Get CIMInstance from PowerShell 2.0

I love the new CIM cmdlets in PowerShell 3.0. Querying WMI is a little faster because the CIM cmdlets query WMI using the WSMAN protocol instead of DCOM. The catch is that remote computers must be running PowerShell 3 which includes the latest version of the WSMAN protocol and the WinRM service. But if your computers are running 3.0 then you can simply run a command like this:

However, if one of the computers is running PowerShell 2.0, you’ll get an error.

get-ciminstance-error

In this example, CHI-DC02 is not running PowerShell 3.0. The solution is to create a CIMSession using a CIMSessionOption for DCOM.

get-ciminstance-dcom

So there is a workaround, but you have to know ahead of time which computers are not running PowerShell 3.0. When you use Get-CimInstance and specify a computername, the cmdlet setups up a temporary CIMSession. So why not create the temporary CIMSession with the DCOM option if it is needed? So I wrote a “wrapper” function called Get-MyCimInstance to do just that.

The heart of the function is a nested function to test if a remote computer is running WSMAN 3.0.

The function uses Test-WSMan and a regular expression to get the remoting version. If it is 3.0 the function returns True. In Get-MyCIMInstance I test each computer and if not running 3.0, create the CIMSession option and include it when creating the temporary CIMSession.

I’m using a Try/Catch block because if the computer is offline, my test function will throw an exception which I can catch.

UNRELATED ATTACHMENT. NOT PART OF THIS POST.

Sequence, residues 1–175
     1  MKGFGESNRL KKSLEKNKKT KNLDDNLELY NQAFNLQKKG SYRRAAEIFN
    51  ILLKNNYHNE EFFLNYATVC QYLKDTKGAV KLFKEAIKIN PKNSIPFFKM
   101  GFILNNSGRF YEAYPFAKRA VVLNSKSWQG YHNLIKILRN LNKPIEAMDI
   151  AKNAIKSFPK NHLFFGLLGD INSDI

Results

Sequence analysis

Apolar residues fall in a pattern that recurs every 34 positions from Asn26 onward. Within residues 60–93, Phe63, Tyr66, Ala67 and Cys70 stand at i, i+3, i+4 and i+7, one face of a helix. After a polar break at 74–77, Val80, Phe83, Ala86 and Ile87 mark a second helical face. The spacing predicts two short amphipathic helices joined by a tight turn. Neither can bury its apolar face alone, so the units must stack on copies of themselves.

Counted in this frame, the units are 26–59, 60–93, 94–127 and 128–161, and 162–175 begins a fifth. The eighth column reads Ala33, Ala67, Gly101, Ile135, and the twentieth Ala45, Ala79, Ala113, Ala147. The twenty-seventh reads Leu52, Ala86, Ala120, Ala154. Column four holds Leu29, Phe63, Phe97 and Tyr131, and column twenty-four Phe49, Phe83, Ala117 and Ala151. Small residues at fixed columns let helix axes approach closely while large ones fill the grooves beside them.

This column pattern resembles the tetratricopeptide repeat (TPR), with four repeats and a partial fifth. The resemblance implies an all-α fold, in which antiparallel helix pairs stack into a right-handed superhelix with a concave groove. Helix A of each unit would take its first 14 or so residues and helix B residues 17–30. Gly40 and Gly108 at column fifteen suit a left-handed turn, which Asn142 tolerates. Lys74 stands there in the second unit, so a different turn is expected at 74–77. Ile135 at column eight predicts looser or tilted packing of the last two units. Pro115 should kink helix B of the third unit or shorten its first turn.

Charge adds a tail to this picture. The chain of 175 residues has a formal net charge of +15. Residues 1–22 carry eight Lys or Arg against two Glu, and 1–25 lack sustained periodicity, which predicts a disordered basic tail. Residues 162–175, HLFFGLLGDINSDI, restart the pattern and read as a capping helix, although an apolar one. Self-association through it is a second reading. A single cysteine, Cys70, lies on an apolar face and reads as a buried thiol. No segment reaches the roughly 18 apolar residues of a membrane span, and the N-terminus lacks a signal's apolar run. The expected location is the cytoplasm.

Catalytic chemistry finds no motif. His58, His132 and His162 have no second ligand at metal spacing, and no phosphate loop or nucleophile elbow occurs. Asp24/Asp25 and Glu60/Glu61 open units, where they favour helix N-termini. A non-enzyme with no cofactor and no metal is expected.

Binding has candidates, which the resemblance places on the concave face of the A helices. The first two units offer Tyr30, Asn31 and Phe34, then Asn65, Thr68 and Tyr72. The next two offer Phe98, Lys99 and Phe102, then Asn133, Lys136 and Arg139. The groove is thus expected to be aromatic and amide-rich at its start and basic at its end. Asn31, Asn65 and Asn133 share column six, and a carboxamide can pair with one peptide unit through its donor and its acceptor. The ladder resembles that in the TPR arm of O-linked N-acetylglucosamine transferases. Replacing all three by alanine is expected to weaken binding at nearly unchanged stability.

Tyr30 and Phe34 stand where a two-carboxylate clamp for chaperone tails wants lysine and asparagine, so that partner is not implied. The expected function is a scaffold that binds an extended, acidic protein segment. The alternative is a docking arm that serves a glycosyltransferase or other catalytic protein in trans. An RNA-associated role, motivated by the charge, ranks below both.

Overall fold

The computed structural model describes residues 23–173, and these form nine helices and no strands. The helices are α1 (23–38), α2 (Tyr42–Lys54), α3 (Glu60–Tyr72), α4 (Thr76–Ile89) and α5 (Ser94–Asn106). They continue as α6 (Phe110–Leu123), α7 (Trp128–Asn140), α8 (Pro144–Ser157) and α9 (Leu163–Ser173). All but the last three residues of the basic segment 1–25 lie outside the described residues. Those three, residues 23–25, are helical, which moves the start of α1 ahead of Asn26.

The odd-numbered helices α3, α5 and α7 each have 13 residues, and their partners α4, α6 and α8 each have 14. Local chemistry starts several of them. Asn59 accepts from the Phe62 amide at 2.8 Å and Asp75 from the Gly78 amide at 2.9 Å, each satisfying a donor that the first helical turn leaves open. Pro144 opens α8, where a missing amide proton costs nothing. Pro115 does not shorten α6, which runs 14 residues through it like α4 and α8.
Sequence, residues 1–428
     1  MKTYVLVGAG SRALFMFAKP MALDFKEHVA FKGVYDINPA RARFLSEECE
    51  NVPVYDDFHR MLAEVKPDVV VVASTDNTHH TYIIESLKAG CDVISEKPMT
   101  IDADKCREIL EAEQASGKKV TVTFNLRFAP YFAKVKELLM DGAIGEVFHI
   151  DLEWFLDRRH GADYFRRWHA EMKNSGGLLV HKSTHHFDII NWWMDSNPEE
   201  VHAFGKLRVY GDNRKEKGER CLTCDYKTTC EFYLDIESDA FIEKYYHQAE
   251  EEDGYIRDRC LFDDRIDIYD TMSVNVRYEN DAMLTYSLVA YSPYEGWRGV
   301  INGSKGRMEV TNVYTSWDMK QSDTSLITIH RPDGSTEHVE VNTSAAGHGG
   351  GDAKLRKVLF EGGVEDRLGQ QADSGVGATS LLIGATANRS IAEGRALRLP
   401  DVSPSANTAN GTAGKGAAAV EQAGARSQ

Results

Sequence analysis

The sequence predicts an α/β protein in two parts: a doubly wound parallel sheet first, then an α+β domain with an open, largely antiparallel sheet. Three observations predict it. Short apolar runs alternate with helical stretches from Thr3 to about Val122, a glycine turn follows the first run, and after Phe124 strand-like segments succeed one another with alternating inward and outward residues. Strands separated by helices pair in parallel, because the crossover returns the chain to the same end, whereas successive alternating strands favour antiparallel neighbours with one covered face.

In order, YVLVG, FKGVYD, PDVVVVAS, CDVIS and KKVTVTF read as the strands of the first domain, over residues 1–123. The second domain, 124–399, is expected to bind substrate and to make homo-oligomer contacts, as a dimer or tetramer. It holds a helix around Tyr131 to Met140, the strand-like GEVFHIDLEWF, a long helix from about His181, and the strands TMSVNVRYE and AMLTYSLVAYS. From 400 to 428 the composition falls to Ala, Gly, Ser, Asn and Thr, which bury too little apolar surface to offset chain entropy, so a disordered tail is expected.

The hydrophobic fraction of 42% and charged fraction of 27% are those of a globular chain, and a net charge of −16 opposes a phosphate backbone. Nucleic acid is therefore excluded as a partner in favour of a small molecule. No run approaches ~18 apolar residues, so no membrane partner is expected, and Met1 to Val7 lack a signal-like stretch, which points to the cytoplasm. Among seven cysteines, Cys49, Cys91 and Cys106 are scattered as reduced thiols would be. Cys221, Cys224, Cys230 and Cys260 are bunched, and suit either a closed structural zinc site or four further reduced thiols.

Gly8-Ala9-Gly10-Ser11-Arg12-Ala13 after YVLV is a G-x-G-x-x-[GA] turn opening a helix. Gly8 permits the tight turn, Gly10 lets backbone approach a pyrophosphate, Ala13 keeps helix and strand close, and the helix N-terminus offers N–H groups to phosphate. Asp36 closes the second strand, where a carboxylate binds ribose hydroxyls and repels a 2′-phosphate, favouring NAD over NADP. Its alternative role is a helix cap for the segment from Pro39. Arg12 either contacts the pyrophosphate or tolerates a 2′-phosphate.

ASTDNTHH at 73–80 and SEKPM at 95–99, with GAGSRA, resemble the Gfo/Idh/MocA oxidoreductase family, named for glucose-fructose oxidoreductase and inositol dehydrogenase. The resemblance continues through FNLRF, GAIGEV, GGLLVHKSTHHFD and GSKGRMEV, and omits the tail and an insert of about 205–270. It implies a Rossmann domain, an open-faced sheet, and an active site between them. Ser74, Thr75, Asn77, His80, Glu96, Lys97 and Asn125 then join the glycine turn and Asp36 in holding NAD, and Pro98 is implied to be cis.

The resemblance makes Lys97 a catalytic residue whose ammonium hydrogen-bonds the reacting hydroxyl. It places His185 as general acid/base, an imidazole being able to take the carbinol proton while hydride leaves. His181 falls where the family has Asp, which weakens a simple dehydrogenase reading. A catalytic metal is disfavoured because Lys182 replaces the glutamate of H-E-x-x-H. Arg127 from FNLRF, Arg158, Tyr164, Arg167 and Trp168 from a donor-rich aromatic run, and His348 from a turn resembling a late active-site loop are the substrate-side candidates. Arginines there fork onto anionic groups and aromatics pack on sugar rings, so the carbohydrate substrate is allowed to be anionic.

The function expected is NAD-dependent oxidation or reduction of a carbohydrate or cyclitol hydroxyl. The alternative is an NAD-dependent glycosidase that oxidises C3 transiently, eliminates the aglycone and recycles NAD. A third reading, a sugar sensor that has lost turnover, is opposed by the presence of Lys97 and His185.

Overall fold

Otherwise, all is good and  I can pass the rest of the parameters to Get-CimInstance.

At the end of the process, I remove the temporary CIMSession. With this, now I can query both v2 and v3 computers.
get-myciminstance01
Notice for CHI-DC02 I’m creating the DCOM option. Here’s the command without all the verboseness.
get-myciminstance02
I could have created a proxy function for Get-CimInstance, but not only are they more complicated, I didn’t want that much transparency. I wanted to know that I’m querying using my function and not Get-CimInstance. Here’s the complete script.

I hope you’ll let me know what you think and if you find this useful.

UPDATE: I’ve revised this script and article since it’s original posting to better handle errors if you can’t test WSMAN. I also added support for alternate credentials, which is something you can’t do with Get-CimInstance.

NOTE: I should also point out that there is an apparent bug with Get-CimInstance. If you run the command for all instances of a given class, like win32_share and the remote computer is running PowerShell v2 you will get the error I’ve written about. But, if you use a query or a filter, it will work. So while this will fail if the computer is running v2, get-ciminstance win32_share -computername $c, these will work:

Get-CimInstance -query “Select * from win32_share” -computername $c
Get-CimInstance -win32_share -filter “Name=’C$'” -computername $c

It is an odd behavior, but it can work in your favor depending on how your structure your command. What I haven’t verified yet is what protocol PowerShell is using in these situations when the remote computer is running v2. Of course, the best, long term solution is to get all of your managed systems to at least PowerShell 3.0.